POST-GAZETTE - Res Publica

Thursdays with Plutarch, Part One

by David Trumbull

February 24, 2006

Every politician we know wants to be a statesman looking out for the future of his town, state, and country. Few ever get beyond merely positioning for the next re-election. Every businessman knows that obsessive concern about the current and next quarter is crippling the ability to do long term planning. But few know how to get out of the current cycle. Our top people in government, business, and other fields fail us not because they are bad men and women, or even inattentive. They fail to rise to great leadership because they lack the tools. In sum, contemporary culture has lost the ability to produce an F.D.R. who can restore our confidence even in the midst of an economic depression and rally an unprepared and unwilling populace to fight a necessary but unwelcomed war. Our schools of business do not --cannot-- turn out a Henry Ford who raised the wages of his workers and thus created a new group of purchasers of his motorcars.

The current dearth of leaders is directly due to the severing of our cultural and intellectual ties to the great classical tradition of morally-centered leadership that for millennia passed on to generation after generation the collected and distilled knowledge gained painfully over the centuries. To study that tradition my colleague Chris Murphy and I shall be leading a class next month where we'll read selections from Plutarch's Lives of the Noble Greeks and Romans.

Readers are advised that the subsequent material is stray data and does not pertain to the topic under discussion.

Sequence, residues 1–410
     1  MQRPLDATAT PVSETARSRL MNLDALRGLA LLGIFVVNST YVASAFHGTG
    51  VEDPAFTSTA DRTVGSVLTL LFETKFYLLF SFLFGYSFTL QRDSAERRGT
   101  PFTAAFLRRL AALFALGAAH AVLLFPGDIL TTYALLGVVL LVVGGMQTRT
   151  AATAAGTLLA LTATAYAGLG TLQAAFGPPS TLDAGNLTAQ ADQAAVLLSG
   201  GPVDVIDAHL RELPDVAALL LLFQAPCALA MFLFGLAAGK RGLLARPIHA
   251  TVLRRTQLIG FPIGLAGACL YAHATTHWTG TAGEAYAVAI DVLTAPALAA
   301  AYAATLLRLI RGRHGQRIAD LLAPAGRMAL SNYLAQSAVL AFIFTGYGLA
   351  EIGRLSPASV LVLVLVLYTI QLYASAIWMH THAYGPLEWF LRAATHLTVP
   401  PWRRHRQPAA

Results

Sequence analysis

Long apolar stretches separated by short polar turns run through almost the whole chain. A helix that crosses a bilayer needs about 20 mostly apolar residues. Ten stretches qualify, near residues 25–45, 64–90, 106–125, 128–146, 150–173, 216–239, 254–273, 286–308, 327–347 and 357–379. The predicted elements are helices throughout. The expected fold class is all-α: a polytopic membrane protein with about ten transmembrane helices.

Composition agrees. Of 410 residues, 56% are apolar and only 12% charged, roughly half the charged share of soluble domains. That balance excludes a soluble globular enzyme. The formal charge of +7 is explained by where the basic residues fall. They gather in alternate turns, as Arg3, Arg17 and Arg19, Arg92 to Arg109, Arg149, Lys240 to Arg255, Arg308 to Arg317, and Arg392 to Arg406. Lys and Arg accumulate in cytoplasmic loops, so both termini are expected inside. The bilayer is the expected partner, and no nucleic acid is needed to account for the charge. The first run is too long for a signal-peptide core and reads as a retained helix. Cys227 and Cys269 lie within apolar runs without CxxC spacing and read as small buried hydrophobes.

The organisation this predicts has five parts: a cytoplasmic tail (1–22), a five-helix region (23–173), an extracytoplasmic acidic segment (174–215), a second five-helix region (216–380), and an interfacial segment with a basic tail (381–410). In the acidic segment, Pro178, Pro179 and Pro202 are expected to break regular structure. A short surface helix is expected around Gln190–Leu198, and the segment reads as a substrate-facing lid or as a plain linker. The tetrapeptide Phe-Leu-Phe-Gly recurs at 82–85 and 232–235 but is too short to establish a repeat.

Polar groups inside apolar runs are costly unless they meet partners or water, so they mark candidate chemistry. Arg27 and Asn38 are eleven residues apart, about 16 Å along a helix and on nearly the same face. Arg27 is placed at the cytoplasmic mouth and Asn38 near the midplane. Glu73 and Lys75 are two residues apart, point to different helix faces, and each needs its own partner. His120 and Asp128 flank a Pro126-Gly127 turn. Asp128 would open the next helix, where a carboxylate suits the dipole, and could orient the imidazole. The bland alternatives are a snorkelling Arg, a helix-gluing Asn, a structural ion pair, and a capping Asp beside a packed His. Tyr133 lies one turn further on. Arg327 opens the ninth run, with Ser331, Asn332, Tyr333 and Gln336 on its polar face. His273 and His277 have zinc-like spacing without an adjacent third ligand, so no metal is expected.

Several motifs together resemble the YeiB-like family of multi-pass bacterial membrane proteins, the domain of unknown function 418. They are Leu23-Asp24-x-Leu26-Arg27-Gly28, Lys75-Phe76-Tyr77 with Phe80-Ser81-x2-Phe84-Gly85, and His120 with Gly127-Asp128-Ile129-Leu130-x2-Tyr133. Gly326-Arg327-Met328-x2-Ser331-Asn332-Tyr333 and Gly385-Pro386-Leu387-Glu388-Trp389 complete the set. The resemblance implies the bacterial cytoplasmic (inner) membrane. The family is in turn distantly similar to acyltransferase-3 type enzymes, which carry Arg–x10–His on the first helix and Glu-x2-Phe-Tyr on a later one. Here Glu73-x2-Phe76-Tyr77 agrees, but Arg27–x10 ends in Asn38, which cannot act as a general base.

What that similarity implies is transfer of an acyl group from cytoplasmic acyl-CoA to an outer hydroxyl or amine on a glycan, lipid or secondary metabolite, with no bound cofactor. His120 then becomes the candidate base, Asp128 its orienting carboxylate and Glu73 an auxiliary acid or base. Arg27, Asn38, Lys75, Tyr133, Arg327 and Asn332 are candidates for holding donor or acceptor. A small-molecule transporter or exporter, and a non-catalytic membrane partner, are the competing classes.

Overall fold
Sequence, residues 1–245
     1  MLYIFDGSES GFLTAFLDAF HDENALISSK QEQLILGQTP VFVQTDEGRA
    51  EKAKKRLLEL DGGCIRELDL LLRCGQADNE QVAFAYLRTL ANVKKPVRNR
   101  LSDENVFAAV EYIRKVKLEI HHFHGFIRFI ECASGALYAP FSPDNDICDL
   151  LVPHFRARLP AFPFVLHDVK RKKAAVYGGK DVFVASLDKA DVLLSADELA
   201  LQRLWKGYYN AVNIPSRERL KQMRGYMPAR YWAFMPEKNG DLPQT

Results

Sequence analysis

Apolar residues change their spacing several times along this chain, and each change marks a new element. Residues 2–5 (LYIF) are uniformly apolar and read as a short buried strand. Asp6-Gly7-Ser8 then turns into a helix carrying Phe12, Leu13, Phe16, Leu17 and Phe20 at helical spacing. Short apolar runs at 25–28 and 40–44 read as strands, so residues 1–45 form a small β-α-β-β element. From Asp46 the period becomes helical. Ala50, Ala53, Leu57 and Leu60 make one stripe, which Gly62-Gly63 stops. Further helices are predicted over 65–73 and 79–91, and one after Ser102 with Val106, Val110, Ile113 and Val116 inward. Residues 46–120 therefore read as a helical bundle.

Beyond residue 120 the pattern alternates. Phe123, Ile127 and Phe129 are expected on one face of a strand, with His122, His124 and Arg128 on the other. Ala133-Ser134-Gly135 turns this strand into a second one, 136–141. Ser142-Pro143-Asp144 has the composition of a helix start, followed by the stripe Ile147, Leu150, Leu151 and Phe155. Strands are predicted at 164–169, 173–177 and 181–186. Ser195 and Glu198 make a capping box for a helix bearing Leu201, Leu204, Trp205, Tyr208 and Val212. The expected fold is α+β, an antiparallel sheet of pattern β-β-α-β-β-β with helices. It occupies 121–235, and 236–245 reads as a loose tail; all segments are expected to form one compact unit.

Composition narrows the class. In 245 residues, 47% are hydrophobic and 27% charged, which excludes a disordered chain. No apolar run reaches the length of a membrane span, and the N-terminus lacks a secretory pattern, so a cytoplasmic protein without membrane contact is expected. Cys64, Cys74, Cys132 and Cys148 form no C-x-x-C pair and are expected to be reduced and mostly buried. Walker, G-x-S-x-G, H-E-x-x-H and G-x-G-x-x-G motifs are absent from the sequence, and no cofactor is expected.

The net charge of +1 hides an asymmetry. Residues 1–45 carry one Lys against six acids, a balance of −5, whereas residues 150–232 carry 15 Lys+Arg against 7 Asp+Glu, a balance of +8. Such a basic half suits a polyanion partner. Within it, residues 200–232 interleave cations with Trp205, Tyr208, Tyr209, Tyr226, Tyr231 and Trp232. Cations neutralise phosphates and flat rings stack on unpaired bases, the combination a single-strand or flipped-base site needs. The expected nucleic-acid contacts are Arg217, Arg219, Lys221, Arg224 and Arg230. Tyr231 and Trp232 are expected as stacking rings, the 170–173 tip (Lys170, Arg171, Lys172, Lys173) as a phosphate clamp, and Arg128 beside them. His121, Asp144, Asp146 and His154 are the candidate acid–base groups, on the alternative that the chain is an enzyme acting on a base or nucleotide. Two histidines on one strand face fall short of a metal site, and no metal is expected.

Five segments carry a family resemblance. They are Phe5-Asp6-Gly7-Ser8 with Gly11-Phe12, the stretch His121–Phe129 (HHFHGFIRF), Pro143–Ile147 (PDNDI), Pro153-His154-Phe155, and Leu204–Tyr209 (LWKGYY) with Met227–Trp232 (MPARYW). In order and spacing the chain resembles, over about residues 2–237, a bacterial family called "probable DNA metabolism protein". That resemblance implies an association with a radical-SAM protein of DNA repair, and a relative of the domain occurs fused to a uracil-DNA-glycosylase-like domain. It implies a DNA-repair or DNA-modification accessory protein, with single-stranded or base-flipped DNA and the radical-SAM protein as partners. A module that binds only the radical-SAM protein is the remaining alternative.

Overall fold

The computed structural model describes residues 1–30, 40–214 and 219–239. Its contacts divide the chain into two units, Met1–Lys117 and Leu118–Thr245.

The course at the Cambridge Center for Adult Education will be seven Thursday evenings. We'll cover six of Plutarch's Lives: Themistocles (the savior of Greece), Pericles (the visionary) Alexander (the empire builder), Caesar (the innovator), Cicero (the role of rhetoric in leadership), Anthony (the brilliant but flawed commander). The final selection of Lives to cover will take into consideration the interests of the students as expressed in the first class meeting.

For each of these biographies we'll provide the student with a brief synopsis and identify a dominant theme in the life of the character (such as Pericles calling forth the greatness latent in the Athenians). Together teachers and students will explore the aspects of the character's family background, education, tastes, strengths, and weakness, that contributed to the greatness of the leader. Finally the class will apply the lessons learned to contemporary experiences in work, school, friendships and other social interactions.

The primary text is the Lives of the Noble Greeks and Romans, written (in Greek) by Plutarch in about the year 100. English translations are readily available. We've made available free, on-line, the complete text with annotations on our website